“It’s okay,” I assured her before reaching out to squeeze the girl’s arm. “Seriously, don’t worry about it. All this stuff is a lot to get used to. Believe me, I know.” And boy was that a severe understatement. A lot to get used to? Wait until she learned the real truth about the city–no, stop it. I couldn’t tell her the full truth about the city. Except she was already helping, and she was going to push that help as far as helping me find the girl who might be able to take Pencil down. Even if the idea was to stay completely away from that piece of shit and never directly involve ourselves with him, there was no definite one hundred percent certainty that we wouldn’t see him. And she was still here, still willingly putting herself in danger. Didn’t I owe her the–fuck. Would this question ever end up getting me anywhere except for more uncertain and confused?

“Dude.” Peyton, who I belatedly realized had been staring at me for the past few seconds while I went through all that in my head yet again, spoke up hesitantly. “Are you okay?” 

“It’s fine,” Murphy called from where she was still working. “He just does that sometimes. I think he likes brooding or something. That or he’s listening to podcasts in that helmet and gets distracted.”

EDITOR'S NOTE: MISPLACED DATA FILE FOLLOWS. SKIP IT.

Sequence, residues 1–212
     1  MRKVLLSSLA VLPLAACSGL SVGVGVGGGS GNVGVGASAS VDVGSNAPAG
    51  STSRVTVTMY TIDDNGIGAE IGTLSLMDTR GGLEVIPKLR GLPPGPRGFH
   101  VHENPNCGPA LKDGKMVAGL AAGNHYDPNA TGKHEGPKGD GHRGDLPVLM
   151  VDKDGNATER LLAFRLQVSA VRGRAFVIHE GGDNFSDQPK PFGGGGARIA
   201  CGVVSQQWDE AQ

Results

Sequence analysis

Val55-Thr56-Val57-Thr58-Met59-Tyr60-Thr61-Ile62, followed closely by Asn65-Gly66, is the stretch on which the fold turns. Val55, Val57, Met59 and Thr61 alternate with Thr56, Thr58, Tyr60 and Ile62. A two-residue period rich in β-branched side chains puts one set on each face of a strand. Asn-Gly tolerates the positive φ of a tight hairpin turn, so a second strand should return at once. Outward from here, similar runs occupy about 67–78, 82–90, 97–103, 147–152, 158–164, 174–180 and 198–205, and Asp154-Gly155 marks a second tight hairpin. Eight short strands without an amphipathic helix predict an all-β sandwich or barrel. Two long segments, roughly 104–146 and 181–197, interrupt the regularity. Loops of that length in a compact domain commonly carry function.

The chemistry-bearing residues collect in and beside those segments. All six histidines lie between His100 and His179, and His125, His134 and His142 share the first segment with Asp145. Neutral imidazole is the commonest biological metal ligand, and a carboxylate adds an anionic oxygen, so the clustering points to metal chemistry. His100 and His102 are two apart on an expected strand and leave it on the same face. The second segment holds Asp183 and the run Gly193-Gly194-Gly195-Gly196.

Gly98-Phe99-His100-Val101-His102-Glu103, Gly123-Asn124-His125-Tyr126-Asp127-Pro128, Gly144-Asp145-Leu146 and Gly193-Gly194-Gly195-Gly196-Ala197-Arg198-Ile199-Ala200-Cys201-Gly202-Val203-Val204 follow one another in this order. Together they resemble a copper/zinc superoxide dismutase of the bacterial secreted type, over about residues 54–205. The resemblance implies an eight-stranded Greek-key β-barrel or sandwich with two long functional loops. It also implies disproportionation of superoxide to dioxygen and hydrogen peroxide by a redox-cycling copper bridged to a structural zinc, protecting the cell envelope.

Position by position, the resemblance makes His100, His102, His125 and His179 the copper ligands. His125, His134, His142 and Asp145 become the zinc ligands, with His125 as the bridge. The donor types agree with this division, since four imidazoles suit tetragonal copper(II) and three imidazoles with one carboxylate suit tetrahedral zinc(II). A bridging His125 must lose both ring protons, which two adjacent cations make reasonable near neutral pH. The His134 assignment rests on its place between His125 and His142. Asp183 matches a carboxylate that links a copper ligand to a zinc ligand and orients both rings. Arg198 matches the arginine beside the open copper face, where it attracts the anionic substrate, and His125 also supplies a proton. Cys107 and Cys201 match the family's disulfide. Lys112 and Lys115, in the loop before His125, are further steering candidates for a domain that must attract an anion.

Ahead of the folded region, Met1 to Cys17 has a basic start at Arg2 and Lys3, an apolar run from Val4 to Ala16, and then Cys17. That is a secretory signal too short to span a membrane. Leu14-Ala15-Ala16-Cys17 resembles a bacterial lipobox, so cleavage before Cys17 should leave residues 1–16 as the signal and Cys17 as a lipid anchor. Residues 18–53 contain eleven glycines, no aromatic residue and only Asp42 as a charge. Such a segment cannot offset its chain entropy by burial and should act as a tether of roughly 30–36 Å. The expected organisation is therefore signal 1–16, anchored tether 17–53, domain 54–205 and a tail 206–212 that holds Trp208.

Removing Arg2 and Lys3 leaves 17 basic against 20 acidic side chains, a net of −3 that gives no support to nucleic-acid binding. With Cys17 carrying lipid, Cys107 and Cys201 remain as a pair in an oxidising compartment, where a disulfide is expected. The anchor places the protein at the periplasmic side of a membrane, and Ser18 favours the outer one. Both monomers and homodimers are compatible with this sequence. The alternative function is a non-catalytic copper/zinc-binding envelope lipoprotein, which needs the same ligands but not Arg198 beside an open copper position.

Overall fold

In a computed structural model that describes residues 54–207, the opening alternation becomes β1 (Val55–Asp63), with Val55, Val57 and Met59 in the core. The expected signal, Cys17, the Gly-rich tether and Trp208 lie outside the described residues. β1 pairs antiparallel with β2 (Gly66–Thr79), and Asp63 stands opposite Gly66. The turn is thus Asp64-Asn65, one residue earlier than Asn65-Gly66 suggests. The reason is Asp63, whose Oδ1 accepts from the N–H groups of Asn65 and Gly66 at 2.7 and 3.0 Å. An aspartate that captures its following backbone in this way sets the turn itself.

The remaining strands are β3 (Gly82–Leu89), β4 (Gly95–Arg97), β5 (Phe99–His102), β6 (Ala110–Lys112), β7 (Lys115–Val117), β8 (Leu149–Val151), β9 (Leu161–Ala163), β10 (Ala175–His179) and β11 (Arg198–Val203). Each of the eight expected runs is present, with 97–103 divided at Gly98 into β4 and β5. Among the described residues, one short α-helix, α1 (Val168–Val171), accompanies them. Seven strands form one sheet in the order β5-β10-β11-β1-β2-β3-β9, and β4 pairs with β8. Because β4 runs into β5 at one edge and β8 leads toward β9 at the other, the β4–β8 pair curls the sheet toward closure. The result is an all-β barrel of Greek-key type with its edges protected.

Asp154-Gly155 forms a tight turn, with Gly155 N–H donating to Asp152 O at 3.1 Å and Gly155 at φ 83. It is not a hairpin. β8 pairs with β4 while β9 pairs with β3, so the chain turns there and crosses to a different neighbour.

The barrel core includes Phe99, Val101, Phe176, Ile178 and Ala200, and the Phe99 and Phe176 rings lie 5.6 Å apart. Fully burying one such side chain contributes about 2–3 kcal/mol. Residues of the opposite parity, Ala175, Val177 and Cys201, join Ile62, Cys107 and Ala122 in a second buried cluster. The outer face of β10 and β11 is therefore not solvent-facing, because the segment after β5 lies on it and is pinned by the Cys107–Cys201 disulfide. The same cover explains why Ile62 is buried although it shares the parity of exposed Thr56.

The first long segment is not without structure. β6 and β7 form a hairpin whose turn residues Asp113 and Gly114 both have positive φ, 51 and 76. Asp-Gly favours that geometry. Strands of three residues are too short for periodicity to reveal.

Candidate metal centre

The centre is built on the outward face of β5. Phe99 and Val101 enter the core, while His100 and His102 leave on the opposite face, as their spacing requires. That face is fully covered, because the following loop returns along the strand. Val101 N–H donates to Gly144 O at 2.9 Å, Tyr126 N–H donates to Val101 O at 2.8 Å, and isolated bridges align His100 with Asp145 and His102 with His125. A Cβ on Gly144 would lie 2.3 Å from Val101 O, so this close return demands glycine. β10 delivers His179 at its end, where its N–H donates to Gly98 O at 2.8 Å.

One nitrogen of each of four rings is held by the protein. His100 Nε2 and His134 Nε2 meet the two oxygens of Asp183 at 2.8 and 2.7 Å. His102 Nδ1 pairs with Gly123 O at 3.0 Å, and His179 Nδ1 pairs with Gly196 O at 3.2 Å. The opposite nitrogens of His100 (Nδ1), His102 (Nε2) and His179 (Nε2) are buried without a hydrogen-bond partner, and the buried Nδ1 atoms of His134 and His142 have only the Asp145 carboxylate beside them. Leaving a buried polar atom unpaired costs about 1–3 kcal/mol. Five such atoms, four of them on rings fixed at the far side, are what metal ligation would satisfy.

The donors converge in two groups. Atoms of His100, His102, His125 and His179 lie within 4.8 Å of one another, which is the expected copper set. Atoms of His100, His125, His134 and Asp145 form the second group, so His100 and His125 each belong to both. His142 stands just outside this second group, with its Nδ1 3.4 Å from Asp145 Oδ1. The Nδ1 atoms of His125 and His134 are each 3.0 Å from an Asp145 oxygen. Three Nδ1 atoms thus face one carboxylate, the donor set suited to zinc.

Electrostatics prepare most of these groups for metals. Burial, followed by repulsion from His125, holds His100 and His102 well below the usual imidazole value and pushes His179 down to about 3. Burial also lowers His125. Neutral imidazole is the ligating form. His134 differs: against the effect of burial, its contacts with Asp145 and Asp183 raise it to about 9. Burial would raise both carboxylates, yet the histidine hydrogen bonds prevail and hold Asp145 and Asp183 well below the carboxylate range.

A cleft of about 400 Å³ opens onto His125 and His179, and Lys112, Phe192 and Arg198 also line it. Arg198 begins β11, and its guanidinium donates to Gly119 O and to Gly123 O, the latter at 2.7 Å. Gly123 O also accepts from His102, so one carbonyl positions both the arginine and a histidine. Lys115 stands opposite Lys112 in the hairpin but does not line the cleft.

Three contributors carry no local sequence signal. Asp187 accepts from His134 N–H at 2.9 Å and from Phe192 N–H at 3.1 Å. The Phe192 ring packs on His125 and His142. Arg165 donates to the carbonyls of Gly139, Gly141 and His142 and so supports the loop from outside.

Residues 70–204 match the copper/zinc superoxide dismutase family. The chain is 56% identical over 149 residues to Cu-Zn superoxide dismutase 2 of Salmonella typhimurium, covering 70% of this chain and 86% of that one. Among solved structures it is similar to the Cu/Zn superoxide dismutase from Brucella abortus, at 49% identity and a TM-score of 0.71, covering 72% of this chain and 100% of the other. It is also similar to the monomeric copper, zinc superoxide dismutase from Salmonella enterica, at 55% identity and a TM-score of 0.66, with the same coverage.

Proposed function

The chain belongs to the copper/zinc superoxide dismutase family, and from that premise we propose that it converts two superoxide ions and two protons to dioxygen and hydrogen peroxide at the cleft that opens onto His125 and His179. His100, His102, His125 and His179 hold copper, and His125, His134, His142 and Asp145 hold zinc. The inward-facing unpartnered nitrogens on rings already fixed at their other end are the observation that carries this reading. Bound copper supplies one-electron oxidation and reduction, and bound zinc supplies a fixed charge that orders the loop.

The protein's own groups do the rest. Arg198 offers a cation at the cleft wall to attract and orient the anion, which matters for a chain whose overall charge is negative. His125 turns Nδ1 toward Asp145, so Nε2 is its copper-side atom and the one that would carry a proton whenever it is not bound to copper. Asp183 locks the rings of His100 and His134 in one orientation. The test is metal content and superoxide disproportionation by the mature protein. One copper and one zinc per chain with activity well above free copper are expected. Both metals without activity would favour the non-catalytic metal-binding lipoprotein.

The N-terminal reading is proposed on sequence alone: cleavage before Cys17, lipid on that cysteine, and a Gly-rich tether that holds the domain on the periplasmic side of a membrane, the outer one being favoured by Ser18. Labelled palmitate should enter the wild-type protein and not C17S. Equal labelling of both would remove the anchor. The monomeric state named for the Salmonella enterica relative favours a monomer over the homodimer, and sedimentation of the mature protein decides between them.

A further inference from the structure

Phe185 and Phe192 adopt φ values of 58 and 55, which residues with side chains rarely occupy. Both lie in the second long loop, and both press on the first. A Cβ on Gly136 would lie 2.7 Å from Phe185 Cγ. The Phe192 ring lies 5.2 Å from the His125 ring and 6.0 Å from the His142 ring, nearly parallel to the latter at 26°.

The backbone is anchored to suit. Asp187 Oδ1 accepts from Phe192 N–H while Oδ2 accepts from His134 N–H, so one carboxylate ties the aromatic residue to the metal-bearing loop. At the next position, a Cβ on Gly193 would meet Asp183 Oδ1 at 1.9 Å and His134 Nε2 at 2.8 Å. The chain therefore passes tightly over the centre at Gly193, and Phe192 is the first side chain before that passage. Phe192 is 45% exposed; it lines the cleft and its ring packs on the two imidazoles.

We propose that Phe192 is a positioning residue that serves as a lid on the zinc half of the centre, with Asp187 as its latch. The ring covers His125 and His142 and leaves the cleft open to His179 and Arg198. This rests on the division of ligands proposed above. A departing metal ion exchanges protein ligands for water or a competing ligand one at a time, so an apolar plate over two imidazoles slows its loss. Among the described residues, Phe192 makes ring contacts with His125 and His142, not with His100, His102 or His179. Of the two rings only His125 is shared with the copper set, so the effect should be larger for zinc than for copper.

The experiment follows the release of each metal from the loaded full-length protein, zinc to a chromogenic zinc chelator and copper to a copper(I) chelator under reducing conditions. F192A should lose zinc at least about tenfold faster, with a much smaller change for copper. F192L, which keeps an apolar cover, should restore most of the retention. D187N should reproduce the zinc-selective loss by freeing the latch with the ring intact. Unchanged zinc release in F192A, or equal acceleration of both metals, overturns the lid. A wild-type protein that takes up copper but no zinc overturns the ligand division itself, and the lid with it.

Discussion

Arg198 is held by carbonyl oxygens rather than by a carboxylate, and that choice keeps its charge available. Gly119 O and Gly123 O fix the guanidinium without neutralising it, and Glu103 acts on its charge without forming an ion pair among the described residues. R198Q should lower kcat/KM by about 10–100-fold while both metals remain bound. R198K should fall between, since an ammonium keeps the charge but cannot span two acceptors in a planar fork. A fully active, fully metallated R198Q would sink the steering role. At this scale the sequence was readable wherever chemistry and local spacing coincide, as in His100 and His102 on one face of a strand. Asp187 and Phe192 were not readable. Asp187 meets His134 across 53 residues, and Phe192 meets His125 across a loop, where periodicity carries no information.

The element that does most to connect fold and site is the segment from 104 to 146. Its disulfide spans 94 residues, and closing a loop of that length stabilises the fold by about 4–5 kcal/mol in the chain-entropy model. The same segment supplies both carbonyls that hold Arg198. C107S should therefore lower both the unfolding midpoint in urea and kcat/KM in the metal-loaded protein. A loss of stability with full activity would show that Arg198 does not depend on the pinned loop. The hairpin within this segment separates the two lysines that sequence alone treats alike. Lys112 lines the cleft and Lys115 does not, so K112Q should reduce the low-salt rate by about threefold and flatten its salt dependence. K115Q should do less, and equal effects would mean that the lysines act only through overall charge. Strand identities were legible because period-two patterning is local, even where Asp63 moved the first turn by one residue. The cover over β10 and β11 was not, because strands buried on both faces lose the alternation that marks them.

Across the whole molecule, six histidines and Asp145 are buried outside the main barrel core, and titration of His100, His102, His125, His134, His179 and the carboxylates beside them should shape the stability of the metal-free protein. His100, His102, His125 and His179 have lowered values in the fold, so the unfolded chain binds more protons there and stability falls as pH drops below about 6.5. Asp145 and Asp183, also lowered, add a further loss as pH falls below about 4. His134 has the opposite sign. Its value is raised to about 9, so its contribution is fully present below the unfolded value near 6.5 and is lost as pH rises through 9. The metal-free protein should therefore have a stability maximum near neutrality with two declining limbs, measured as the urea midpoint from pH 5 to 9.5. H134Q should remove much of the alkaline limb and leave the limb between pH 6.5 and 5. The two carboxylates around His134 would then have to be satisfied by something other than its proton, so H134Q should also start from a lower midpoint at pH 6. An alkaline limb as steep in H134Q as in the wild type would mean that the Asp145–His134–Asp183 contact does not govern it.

Flushing a bit behind the aforementioned helmet, I shook my head. “It’s not brooding or podcasts. I just–never mind. I was just thinking.” 

“Hey, speaking of just thinking,” Murphy called out again, “what do you call yourself, anyway? I mean, we can’t just stick with ‘that marble girl’ all the time, right?” 

It was Peyton’s turn to blush, slightly visible through the space that left part of her face around her eyes uncovered. “Uhh, we sort of went over some ideas, but I’m not sure. It’s really hard to come up with a good one that doesn’t sound stupid or overly dramatic or… whatever.”

“Oh, I know all about that too,” I muttered mostly to myself before gesturing. “Well, while we’re waiting, why don’t we go over the list? You wanna help, Murphy?” 

She, in turn, looked at the mop in her hand for a moment before setting it aside to step over where we were. Shoving her hands in her back pockets, the brown-skinned girl rocked back on her heels before asking, “What sorta options are you working with?” 

So, Peyton and I tugged a couple random stools over and slid one over to Murphy before starting to go over all the potential names. The three of us went back and forth for awhile about the ones that sounded good, why they were good, the ones that probably wouldn’t work, and so on. 

We went over all that for a good ten minutes. Finally, Peyton said she had some favorites, especially after talking to the two of us, but she wanted to think about it some more before deciding, and maybe ask the others what they thought. Which was pretty good timing, considering it was only a couple minutes after that before Wren showed up with Fred and Roald.